Did you know that fainting (syncope) may suggest an underlying medical problem?

Watching a sitcom character faint is often amusing. But in real life, fainting (also known as syncope) isn’t a laughing matter as it may suggest an underlying medical problem.

Dr Shah Mitesh and Dr Ian Phoon, Family Physicians at the Geylang and Pasir Ris Polyclinics respectively, ​​SingHealth Polyclinics (SHP), members of the SingHealth group, provide insight into what causes fainting, what to do if a loved one faints, and precautionary steps to take if you suddenly start to feel faint.

But first things first: What is the proper course of action when you witness someone losing consciousness?

What to do when someone faints

Contrary to what you’ve seen on the television or in movies, there’s no need to slap or shake the person or splash water on them. Once the brain receives sufficient nutrients, the person will automatically regain consciousness.

The best way you can provide assistance would be to familiarise yourself with CPR (cardio-pulmonary resuscitation) or the use of the AED (Automated External Defibrillator). 

The AED (Automated External Defibrillator) is a portable electrical device that detects dangerous heart rhythms and delivers a current to “shock” the heart back into normal rhythm if there’s a need to.

In CPR, remember the acronym D-R-S-A-B-C:

D (Danger) – Ensure the area is safe for yourself and the person requiring help.

R (Response) – Check for a response from the person you’re helping (e.g. ask “What’s your name?” and “Are you ok?”) If there’s no response, call for help immediately. If there’s a response, help to make the person more comfortable.

S (Shout for help) – Shout for help or ask someone to call 995 for an ambulance.

A (Airway) – Check the person’s airway to ensure there’s no blockage.

B (Breathing) – Check for breathing. If breathing is not normal, begin CPR. If breathing is normal, continue to monitor breathing and check for injuries.

C (Circulation) – Check for the pulse. Usually, if there's no breathing, it can be assumed that there's also no pulse, and CPR should begin: 30 chest compressions for every 2 breaths. Perform CPR until help arrives or the person recovers.

Other ways to help someone that has fainted include:

  • Allow the person to lie down and rest. Do not make them sit up immediately.

  • Turn the person to one side to prevent the tongue or mouth secretions from obstructing the airway.

  • Take note if the person exhibits any unusual jerking motion.

  • Continue to monitor the person until the ambulance arrives, or till the person wakes up spontaneously.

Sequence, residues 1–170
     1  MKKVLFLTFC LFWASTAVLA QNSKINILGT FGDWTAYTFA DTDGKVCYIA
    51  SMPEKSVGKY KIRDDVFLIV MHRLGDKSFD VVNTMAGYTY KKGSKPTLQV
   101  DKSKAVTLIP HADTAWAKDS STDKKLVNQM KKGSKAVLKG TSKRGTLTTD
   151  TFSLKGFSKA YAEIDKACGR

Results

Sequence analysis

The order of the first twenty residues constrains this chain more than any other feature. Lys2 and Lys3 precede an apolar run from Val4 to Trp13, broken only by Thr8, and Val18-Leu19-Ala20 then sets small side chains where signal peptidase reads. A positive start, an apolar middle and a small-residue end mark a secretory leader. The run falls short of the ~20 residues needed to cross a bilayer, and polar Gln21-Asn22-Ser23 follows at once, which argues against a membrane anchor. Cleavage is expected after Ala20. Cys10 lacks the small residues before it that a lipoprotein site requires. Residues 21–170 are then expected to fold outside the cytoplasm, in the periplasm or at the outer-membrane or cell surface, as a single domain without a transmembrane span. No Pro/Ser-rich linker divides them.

What to do if you feel faint

  • Try to call for help immediately. If there’s n​o one around, call 995 for an ambulance.

  • As the most common cause of fainting is vasovagal, the best thing to do is to sit, squat or lie down.

  • If you have diabetes and are on oral diabetic medication, and​ have missed or delayed a meal, quickly suck on a sweet as you may have low blood sugar.
    Click here for how to manage hypoglycaemia (low blood glucose).

  • See a doctor as soon as possible.

How does fainting (syncope) come about?

Fainting generally refers to a momentary loss of consciousness. This generally occurs when the brain doesn’t receive enough oxygen, blood or sugar. In the case of fits, fainting is due to a surge of electrical impulses originating from the brain.

The typical fainting spell is the result of the body overreacting to certain triggers, such as the sight of blood or extreme emotional distress. This is called a “vasovagal syncope”.

During such an episode, the vagal nerve (from the brain) causes the heart rate and blood pressure to drop, reducing blood flow to the brain. Since blood carries oxygen to the brain, this deprives the brain of oxygen, leading to a “black-out”.

When someone faints, the body typically goes from a standing to a lying position. This helps the blood to flow to the brain since the blood doesn’t need to be pumped against gravity. The person will often regain consciousness spontaneously after a few minutes.

How serious is fainting?

Most cases of fainting are benign, but this should never be assumed. Syncope could mean a serious – even potentially fatal – condition such as irregular heartbeats, epilepsy, very low blood sugar (hypoglycaemia), sudden blood loss or cardiac arrest. If you lose consciousness, you should be properly assessed by a medical practitioner.

Ref: H24 (ed)

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